Use this URL to cite or link to this record in EThOS: http://ethos.bl.uk/OrderDetails.do?uin=uk.bl.ethos.727829
Title: Protein-protein interactions and aggregation in biotherapeutics
Author: Nuhu, Mariam
ISNI:       0000 0004 6494 9821
Awarding Body: University of Manchester
Current Institution: University of Manchester
Date of Award: 2015
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Abstract:
Protein aggregation is a frequently cited problem during the development of liquid protein formulations, which is especially problematic since each protein exhibits different aggregation behaviour. Aggregation can be controlled by judicious choice of solution conditions, such as salt and buffer type and concentration, pH, and small molecule additives. However, finding conditions is still a trial and error process. In order to improve formulation development, a fundamental understanding of how excipients impact upon protein aggregation would significantly contribute to the development of stable protein therapeutics. The underlying mechanisms that control effects of excipients on protein behaviour are poorly understood. This dissertation is directed at understanding how excipients alter the conformational and colloidal stability of proteins and the link to aggregation. This knowledge can be used for finding novel ways of either predicting or preventing/inhibiting protein aggregation. Experiments using static and dynamic light scattering, intrinsic fluorescence, turbidity and electrophoretic light scattering were conducted to study the effect of solution conditions such as pH, salt type and concentration on protein aggregation behaviour for three model systems: lysozyme, insulin and a monoclonal antibody. Emphasis is placed on understanding the effects of solution additives on protein-protein interactions and the link to aggregation. This understanding has allowed the rational development of stable formulations with novel additives, such as arginine containing dipeptides and polycations.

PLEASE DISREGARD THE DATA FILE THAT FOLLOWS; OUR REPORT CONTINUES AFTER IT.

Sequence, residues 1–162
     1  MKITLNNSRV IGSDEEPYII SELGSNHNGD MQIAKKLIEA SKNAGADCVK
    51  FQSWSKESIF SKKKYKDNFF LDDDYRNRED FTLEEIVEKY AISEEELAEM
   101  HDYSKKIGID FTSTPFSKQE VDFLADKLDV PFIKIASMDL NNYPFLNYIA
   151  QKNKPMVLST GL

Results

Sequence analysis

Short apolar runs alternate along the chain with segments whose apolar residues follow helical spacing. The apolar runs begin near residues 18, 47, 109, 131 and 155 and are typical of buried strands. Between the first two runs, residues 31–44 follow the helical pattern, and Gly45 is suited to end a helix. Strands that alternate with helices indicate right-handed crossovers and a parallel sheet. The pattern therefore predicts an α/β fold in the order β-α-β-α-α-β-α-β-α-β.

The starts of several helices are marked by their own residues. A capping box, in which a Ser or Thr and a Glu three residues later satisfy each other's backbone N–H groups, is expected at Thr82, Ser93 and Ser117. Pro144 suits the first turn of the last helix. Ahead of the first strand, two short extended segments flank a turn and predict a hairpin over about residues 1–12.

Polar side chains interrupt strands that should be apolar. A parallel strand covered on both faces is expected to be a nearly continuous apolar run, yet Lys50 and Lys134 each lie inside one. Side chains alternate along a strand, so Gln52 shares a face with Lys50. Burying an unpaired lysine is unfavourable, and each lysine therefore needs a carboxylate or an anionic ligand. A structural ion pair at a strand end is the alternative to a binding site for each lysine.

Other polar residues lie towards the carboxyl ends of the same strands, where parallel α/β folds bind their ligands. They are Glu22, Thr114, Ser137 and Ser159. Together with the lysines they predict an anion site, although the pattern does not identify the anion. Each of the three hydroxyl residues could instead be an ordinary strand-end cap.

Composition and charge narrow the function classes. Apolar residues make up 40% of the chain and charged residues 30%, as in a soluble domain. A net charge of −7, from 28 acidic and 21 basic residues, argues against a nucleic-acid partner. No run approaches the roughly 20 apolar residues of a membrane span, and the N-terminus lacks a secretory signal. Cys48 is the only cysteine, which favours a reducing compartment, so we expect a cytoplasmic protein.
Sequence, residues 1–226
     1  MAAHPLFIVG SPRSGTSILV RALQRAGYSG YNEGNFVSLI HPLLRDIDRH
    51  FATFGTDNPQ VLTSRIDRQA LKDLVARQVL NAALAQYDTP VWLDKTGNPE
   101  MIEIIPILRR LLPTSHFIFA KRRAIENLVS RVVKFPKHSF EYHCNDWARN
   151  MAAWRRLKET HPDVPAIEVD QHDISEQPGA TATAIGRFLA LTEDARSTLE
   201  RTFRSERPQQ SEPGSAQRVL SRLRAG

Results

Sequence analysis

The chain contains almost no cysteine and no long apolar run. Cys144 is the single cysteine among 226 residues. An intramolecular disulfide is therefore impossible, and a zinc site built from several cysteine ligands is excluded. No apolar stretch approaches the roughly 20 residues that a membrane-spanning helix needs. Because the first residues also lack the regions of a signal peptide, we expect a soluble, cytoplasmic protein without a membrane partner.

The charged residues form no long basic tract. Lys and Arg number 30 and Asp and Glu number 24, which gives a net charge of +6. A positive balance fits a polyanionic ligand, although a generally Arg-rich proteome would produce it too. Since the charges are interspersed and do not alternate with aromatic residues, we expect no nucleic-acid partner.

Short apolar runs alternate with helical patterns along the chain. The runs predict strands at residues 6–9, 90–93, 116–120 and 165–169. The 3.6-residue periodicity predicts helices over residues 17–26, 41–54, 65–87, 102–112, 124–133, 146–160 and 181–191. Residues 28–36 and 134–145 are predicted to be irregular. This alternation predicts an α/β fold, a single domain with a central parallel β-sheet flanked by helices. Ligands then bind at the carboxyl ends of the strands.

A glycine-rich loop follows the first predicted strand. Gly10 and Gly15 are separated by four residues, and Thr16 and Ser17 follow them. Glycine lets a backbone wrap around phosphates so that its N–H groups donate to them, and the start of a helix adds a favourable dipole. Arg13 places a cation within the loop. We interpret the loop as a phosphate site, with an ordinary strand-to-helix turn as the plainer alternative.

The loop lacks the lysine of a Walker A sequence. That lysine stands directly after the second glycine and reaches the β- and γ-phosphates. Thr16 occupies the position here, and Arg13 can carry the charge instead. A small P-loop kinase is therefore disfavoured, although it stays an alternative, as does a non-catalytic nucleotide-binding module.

Supervisor: Not available Sponsor: Not available
Qualification Name: Thesis (Ph.D.) Qualification Level: Doctoral
EThOS ID: uk.bl.ethos.727829  DOI: Not available
Keywords: biotherapeutics ; formulation ; protein-protein interaction ; protein aggregation ; excipients
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